I was born on a Thursday, and on a Thursday thirty-seven years later my second son would not be born alive. I was close to six months pregnant, twenty-three weeks exactly.
His name was Jayden Brice.
It was 5:19 a.m. on Thursday, May 22, 2008 when my water broke. Within an hour I was at Chestnut Hill Hospital in a room staring at beige walls with flowered borders and colored canvases that seemed to blend into one huge space of nothing.
I hadn’t known Jayden’s identity the moment I arrived because the week before he had stubbornly refused to unlock his tiny legs. But I did know that his heart had been beating a healthy 160 beats per minute. I did know that he had opened and closed his mouth as he twisted and turned with much vigor before resting comfortably on his back. I did know that things were well just a mere week before.
But I braced myself for a different reality that Thursday as the monitor, that just a week prior had showcased energy and hope, was deliberately positioned to make it impossible for me to see the images. I laid without a hint of movement while the doctor and midwife probed my abdomen, reviewed the screen and spoke quietly to one another.
Softly, never taking my eyes off of the wall, I said it first. “It’s gone.”
The doctor held my hand, confirmed what I had known since the moment I had left home, and assured me that there was nothing that I could have done to prevent it. That it was not at all my fault.
“Sometimes this happens,” she had said.
The doctor explained that the natural course of birth had to be followed – though birthing death seemed so unnatural to me. Labor would be induced the next day, delivery performed at five centimeters, and I needed to decide whether I wanted a natural birth or an epidural. Explanations followed medical forms and ended with, “Do you have any questions?”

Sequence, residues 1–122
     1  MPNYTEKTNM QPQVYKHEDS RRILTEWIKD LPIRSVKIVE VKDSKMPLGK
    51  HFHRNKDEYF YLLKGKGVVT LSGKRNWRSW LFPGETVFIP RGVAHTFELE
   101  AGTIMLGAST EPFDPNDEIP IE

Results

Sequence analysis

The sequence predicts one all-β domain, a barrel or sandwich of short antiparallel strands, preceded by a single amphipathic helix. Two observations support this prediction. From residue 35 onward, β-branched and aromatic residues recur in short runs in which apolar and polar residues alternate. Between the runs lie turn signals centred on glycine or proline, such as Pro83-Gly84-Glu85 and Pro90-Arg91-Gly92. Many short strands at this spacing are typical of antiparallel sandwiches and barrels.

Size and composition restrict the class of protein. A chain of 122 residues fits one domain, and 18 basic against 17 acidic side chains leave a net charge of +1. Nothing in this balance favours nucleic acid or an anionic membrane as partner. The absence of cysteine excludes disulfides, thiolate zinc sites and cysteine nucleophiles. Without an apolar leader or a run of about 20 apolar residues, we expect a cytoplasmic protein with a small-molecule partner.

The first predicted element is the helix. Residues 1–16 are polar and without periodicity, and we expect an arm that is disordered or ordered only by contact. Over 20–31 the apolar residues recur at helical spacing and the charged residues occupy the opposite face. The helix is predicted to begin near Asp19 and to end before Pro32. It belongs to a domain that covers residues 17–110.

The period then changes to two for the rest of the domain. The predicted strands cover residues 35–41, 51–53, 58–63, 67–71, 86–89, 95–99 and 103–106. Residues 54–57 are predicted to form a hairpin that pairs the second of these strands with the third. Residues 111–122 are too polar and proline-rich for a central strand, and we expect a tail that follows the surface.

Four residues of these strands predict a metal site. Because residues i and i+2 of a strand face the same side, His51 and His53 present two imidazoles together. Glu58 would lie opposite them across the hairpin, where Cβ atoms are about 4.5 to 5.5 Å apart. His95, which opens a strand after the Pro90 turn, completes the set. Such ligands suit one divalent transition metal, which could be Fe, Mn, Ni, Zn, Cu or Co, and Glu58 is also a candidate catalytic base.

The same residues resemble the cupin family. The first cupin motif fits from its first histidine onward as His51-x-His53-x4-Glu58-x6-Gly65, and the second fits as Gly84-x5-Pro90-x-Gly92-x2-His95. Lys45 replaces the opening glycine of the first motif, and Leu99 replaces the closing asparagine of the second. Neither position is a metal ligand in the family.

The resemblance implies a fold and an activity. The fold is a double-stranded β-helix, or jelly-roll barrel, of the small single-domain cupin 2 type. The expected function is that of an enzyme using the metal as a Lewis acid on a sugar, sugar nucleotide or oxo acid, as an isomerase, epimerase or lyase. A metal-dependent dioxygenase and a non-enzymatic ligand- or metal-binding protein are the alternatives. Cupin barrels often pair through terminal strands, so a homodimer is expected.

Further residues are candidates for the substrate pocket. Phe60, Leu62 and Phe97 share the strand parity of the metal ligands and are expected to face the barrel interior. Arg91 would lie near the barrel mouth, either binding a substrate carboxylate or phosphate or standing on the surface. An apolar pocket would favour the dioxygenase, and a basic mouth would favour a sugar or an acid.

Fragmented thoughts performed somersaults without graceful finishes in my mind, and although I wanted and needed to speak, I was muted by disbelief. My lips had refused to separate as if the mental conjunctures were a foreign language my tongue could not articulate. Heaviness was my only clarity. So I just dropped my head, and cried.
The doctor left the room first, the midwife a few minutes later, but only after she had given me one more thing to contemplate.
“Would you like to hold it?” she asked.
* * *
To this day, I have never felt as devastated, as deflated, as uncertain as I did on that Thursday in May. While losing Jayden did not kill me, I’m not quite sure that it has made me either any stronger or any weaker. It did, however, form new truths for me.
I know that I cannot plow through grief, that grief is a process with its own natural rhythm that cannot be ignored. No amount of work or grad school – or both – forfeits the process. It only prolongs the start of it.
I know that no matter what I do, how well I do it, or how close things come to fruition, there could be a tragic disappointment, or two, along the way. And though I am innately optimistic, I know that not all of my hopes and dreams will be fulfilled. At times, I will be able identify what went wrong and may even have the chance to correct some mistakes. Sometimes I will not. Either way, I will be fine.
I know for certain that even when I’m sad or broken or confused, or sad and broken and confused, I can still choose to love, that loss can be a powerful motivator, that life is fragile and any minute really could be my last. What doesn’t kill me may not make me stronger or weaker, but it will teach me something.
And, I’ve learned that people care. They really do.
* * *
I held Jayden, gave him the name that had been decided within the very same week that his little heart had stopped beating. I told him that I loved him, that I was sorry, and that I would never ever forget him.
That stands true today.
Very truly yours,